Fully armed with the "Kiwi Fossils Hunter's Guide" as well as another excellent book by Lloyd Homer and Phil Moore that describes the geological features of the Wairarapa Coast called "Reading the Rocks", we visited several great geology hotspots along the coastline.
A striking feature that we noticed straight away was the flat topped escarpment that runs along much of the coast. This is a raised marine terrace that was at sea level about 80 000 years ago. It indicates that the whole area has been undergoing an enormous amount of uplift which continues to this day.
First stop was Hurupi Stream. (This is described in detail in the "Kiwi Fossils Hunter's Guide"). The soft mudstones at the sides of the stream were deposited under the sea in the Miocene Epoch (sometime between 11 and 7 million years ago) , when the Aorangi Range just to the North was an island, separated from other parts of the North Island by a shallow sea. We found quite a few marine molluscs that are very well preserved and easily spotted.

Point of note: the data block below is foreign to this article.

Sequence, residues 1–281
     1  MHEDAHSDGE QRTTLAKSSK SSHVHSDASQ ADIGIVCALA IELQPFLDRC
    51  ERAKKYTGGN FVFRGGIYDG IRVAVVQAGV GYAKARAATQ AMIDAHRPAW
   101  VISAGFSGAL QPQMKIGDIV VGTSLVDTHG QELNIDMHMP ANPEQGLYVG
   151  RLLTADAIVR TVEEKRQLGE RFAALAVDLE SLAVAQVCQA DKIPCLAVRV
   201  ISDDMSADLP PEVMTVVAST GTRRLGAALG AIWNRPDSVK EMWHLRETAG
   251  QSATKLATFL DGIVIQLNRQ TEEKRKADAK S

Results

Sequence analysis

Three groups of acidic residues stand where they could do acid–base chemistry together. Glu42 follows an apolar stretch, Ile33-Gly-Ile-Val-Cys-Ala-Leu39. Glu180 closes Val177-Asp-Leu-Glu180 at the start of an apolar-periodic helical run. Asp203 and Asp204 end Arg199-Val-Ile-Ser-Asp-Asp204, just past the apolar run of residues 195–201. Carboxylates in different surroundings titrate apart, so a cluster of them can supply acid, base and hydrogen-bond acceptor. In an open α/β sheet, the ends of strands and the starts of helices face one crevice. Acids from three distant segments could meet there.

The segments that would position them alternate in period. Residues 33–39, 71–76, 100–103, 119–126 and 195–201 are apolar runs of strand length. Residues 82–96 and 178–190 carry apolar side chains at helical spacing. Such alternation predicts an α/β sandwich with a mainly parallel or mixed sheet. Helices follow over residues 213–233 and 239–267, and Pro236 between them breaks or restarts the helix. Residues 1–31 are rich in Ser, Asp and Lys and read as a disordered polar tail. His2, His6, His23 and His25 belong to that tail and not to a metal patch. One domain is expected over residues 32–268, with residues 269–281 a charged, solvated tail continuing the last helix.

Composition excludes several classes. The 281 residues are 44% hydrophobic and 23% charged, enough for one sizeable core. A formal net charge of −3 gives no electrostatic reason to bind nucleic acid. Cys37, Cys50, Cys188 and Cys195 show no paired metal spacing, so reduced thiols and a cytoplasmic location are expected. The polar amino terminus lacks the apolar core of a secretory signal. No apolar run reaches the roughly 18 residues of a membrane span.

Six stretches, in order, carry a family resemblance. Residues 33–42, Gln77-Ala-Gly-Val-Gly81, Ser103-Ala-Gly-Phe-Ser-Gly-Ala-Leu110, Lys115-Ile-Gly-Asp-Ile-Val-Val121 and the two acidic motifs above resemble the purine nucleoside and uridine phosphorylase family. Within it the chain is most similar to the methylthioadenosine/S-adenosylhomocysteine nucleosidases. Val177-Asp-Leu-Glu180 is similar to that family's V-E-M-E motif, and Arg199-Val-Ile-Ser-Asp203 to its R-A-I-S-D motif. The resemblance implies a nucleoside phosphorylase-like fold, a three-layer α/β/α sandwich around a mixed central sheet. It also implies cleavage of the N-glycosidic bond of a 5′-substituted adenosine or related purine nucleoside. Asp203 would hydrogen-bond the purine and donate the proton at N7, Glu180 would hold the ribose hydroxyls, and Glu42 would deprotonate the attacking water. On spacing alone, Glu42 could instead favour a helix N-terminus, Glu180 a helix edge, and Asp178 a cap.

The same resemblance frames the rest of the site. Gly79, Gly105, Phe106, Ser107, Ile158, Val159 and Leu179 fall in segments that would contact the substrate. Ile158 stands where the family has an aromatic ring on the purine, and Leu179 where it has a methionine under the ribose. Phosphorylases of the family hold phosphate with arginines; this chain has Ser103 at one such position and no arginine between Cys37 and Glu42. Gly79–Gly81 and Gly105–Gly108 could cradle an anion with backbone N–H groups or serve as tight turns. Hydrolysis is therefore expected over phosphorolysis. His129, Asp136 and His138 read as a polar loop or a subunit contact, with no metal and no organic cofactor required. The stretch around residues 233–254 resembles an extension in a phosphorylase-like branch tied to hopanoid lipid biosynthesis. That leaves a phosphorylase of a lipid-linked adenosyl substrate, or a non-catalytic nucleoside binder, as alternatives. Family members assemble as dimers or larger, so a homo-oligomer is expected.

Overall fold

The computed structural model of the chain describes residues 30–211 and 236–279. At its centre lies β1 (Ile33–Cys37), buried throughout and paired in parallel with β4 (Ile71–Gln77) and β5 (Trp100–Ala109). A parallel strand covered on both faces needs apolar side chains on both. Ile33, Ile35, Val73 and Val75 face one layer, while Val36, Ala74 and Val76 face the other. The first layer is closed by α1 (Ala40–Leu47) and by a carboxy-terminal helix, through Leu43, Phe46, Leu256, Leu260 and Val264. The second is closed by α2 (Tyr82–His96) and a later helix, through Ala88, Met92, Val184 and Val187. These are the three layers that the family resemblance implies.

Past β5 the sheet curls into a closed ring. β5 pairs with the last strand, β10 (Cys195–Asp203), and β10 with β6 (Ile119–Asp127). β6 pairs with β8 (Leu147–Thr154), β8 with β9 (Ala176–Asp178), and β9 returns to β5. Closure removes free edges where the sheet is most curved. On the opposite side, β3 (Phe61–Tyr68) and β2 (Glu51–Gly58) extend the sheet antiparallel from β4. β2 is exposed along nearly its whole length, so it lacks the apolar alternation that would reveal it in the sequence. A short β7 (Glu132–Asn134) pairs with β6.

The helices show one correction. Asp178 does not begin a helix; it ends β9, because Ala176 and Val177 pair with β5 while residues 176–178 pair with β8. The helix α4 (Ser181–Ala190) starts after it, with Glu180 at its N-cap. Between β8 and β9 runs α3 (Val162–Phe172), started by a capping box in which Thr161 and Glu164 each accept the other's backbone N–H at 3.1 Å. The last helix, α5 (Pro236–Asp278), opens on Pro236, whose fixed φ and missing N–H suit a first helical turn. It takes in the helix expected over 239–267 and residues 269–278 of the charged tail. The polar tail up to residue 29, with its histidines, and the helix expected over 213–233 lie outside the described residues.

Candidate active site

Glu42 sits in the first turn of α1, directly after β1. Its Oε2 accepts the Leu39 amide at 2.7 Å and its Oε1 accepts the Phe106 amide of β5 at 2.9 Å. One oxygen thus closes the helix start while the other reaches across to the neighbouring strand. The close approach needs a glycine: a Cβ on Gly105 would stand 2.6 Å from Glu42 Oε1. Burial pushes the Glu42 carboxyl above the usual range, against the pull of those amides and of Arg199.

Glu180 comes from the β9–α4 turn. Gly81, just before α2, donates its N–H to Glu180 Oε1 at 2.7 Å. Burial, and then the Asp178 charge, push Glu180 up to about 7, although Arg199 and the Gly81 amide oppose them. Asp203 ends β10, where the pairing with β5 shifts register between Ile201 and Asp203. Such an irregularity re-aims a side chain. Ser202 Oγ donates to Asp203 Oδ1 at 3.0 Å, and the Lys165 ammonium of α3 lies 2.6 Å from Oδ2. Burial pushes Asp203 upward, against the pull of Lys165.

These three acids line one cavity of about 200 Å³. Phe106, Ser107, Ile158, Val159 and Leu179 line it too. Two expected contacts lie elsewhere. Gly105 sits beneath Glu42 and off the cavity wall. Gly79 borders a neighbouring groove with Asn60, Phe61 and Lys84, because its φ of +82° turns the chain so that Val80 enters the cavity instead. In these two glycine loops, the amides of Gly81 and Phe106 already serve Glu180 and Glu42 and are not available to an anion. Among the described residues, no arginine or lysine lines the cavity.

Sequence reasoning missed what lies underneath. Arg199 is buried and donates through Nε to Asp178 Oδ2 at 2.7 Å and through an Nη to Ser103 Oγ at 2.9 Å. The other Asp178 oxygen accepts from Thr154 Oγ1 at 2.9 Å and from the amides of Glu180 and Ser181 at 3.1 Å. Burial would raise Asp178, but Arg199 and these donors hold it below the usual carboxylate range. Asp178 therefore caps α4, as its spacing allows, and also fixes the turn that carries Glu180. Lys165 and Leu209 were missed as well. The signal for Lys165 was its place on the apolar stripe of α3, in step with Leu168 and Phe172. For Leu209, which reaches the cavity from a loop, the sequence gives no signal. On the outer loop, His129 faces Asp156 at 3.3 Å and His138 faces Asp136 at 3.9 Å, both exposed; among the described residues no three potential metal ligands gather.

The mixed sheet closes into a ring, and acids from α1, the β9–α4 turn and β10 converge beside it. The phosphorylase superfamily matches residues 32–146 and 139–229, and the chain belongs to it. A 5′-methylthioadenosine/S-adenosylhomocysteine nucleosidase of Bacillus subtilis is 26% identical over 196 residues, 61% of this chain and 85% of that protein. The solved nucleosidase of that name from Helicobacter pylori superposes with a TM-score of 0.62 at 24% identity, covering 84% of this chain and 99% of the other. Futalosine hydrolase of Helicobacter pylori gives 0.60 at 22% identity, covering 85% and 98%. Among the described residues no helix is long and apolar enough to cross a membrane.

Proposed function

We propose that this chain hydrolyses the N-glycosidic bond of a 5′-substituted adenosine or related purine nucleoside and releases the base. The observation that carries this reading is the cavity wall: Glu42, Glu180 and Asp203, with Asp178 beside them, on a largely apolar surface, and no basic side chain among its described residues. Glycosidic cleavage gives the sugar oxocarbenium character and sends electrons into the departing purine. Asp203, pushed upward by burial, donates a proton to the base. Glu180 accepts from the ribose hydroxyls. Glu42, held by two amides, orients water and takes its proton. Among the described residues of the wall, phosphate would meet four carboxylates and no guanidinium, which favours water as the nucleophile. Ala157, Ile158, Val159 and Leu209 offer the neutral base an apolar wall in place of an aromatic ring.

Not far along the coast road are the Putangirua Pinnacles. These spectacular features have been eroded out of a thick sequence of conglomerate. Hard layers or large individual boulders within the conglomerate form a protective cap at the tip of each pinnacle. The ground is strewn with loose rubble - testament to the fact that the erosion here is still very active. This might not be the best place to visit in a rainstorm!
A few kilometers along the coast road, there is a dramatic example of coastal erosion where a whole section of the original road itself has disappeared!